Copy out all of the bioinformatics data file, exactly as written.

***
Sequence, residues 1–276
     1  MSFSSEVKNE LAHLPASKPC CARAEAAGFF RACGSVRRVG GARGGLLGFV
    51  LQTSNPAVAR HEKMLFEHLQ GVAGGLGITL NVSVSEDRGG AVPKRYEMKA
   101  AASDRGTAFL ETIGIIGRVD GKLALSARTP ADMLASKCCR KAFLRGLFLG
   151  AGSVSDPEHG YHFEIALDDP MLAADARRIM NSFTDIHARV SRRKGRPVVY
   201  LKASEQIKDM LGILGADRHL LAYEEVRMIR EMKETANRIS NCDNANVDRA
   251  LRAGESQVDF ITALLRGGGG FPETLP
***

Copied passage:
Sequence, residues 1–276
     1  MSFSSEVKNE LAHLPASKPC CARAEAAGFF RACGSVRRVG GARGGLLGFV
    51  LQTSNPAVAR HEKMLFEHLQ GVAGGLGITL NVSVSEDRGG AVPKRYEMKA
   101  AASDRGTAFL ETIGIIGRVD GKLALSARTP ADMLASKCCR KAFLRGLFLG
   151  AGSVSDPEHG YHFEIALDDP MLAADARRIM NSFTDIHARV SRRKGRPVVY
   201  LKASEQIKDM LGILGADRHL LAYEEVRMIR EMKETANRIS NCDNANVDRA
   251  LRAGESQVDF ITALLRGGGG FPETLP